The 5 scarily sophisticated scams targeting SMEs right now

13 February, 2024 · 6 min read

Scam calls, texts and emails are increasing across the banking and fintech industry, and sadly the criminals behind these scams are getting ever more persuasive and sophisticated.

Many of the latest scams focus on convincing the business owners themselves to send the cash directly to the criminals. While you may think that you wouldn’t get conned, the scenarios are so slick it’s as if the criminals behind them had trained in acting at RADA, picked up tech tips at MIT and combed the script of Mission Impossible for outlandish plans. 

We want to make as many business owners as possible aware of the specific ploys being used by fraudsters right now. So, if you find yourself in any of the following situations alarm bells should ring…

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Fraudsters can “hear” your activation code

Most people know not to disclose the activation or login code to their account on the phone to anyone. Scammers are now using this to their advantage. When they call pretending to be from a bank or finance app, they’ll immediately put customers at ease by saying, ‘We’ve detected fraud on your account and need to stop your direct debits. Of course, you know that for security reasons we’d never ask you to disclose your code to us on the telephone, so just please enter the code on your keypad.’

Little does the customer realise that by listening to the different tones their phone makes as they tap in the digits, the scammers can work out the code.

What to do: If you’re ever asked to share your activation code, don’t do it.

Spoofing “official” numbers

Just because you get a call from a number you recognise – your bank, business account, finance app or HMRC – it doesn’t mean it is legitimate. Fraudsters can generate the number displayed when you receive a call,  so of course they are choosing numbers printed on official communications from financial institutions to convince their victims the call is genuine. 

The criminal on the phone will usually be well spoken (no cliched Eastern European baddie accents!), acting the role of the ‘official’ with aplomb and sticking to a believable script. It takes real sophistication to keep the customer’s confidence on a lengthy call, all the while gaining trust and extracting information before convincing the victim, ‘Your money is at risk, we’re telling you to move your money to a safer place by sending payment to this alternative account’.

What to do: If you get a call you are not expecting, ask them to contact you via the post, or via a message on their app that you know is secure.

Hacking your suppliers

Watch out for emails from regular suppliers saying, ‘Our account details have changed, please use these new account details when you pay your next invoice’. 

Fraudsters are researching companies to make calculated guesses about suppliers and sending out speculative emails. Before you know it, next time you do your monthly accounts you are sending money directly to the scammer’s bank account.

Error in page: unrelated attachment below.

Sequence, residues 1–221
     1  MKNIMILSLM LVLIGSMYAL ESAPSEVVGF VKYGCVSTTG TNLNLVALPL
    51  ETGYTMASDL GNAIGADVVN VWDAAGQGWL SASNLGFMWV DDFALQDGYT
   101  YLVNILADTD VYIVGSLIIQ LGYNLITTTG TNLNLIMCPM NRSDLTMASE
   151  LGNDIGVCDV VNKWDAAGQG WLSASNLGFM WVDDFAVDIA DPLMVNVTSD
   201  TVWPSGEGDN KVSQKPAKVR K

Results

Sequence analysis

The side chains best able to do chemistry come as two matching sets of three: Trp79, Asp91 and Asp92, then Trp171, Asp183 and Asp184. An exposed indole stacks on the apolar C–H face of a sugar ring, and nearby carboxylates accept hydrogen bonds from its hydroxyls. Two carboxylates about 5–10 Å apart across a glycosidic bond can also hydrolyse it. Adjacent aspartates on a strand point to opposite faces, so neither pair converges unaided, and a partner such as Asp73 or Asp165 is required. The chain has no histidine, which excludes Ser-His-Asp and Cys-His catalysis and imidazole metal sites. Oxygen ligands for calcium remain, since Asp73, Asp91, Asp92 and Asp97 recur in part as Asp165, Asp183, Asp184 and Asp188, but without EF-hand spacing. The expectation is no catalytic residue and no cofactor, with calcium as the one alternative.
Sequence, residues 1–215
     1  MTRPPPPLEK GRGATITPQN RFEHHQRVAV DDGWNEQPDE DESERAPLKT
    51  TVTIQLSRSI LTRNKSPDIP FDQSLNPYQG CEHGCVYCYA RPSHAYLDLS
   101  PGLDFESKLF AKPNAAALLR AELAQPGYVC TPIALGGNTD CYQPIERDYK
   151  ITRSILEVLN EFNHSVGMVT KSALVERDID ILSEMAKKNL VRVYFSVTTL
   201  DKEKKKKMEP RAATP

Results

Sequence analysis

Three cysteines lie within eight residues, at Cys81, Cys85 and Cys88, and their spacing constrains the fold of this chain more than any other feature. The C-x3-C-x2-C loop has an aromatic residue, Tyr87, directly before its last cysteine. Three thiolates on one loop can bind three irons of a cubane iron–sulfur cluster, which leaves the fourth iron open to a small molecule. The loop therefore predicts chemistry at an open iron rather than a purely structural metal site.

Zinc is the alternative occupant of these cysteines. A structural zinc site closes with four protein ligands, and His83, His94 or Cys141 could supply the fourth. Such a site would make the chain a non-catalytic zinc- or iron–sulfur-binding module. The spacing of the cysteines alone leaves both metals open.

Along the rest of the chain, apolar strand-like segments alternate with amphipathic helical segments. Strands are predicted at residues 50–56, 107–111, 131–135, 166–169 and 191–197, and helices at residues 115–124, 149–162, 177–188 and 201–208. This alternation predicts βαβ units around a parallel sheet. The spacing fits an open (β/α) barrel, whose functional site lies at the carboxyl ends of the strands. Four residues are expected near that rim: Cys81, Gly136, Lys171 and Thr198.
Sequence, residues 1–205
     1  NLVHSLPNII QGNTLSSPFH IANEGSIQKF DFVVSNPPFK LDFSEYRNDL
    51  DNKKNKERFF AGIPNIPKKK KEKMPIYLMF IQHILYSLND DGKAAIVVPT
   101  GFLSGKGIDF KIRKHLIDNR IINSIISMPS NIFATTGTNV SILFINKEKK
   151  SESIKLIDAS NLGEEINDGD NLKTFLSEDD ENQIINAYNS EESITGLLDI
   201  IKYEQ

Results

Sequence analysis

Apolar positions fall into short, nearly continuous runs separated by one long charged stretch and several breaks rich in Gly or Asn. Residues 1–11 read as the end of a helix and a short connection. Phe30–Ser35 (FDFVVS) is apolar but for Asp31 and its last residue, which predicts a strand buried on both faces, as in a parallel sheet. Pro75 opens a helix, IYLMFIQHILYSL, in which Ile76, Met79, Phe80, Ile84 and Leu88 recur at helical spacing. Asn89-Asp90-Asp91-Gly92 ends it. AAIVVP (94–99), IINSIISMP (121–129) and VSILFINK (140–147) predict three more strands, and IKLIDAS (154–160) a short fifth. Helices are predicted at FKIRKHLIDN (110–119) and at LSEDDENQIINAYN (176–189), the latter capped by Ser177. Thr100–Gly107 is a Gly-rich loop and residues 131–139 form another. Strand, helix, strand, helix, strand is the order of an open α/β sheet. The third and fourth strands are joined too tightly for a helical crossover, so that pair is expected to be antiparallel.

What to do: Double check that the email is in the usual format, from the usual person you deal with and always call the financial controller to confirm the change of details.

Infiltrating your organisation

Directorsand employees from companies are searchable on the internet or on sites like LinkedIn, and email addresses are often available – or easy to work out.

One scenario becoming commonplace is that someone at an organisation gets an email from a manager asking them to buy gift vouchers as a reward for staff from a certain site, with a link provided. It happened to Dinah. ‘I had an email from my boss, asking me to order several thousand pounds of gift vouchers and saying that “confidentiality would be appreciated as it was a surprise”. I thought I was the chosen one, so I did it as quickly as I could. I actually sent the money straight to the fraudsters. I felt really silly but it was so convincing.’

What to do: Double check the email format and if in any doubt start a new email to that person, using your company address book, to confirm what they are asking you to do.

Funnelling away your Facebook marketing money

Many businesses have a Facebook marketing account for advertising and criminals are exploiting this. John, a freelance developer, explains how he was scammed this way. ‘They presented me with a dodgy app showing a “sign in via Facebook” interface screen that looked genuine. So I entered my log in details, which the scammers used to gain access to my account. I had a direct debit set up for advertising and they instantly spent £10,000 on Facebook marketing, getting free advertising for their fraudulent apps to extend the scheme further.’ 

What to do: Be wary of using “sign-in via Facebook” on sites or apps you haven’t used before and make sure you regularly keep a track of your Facebook Marketing spend.

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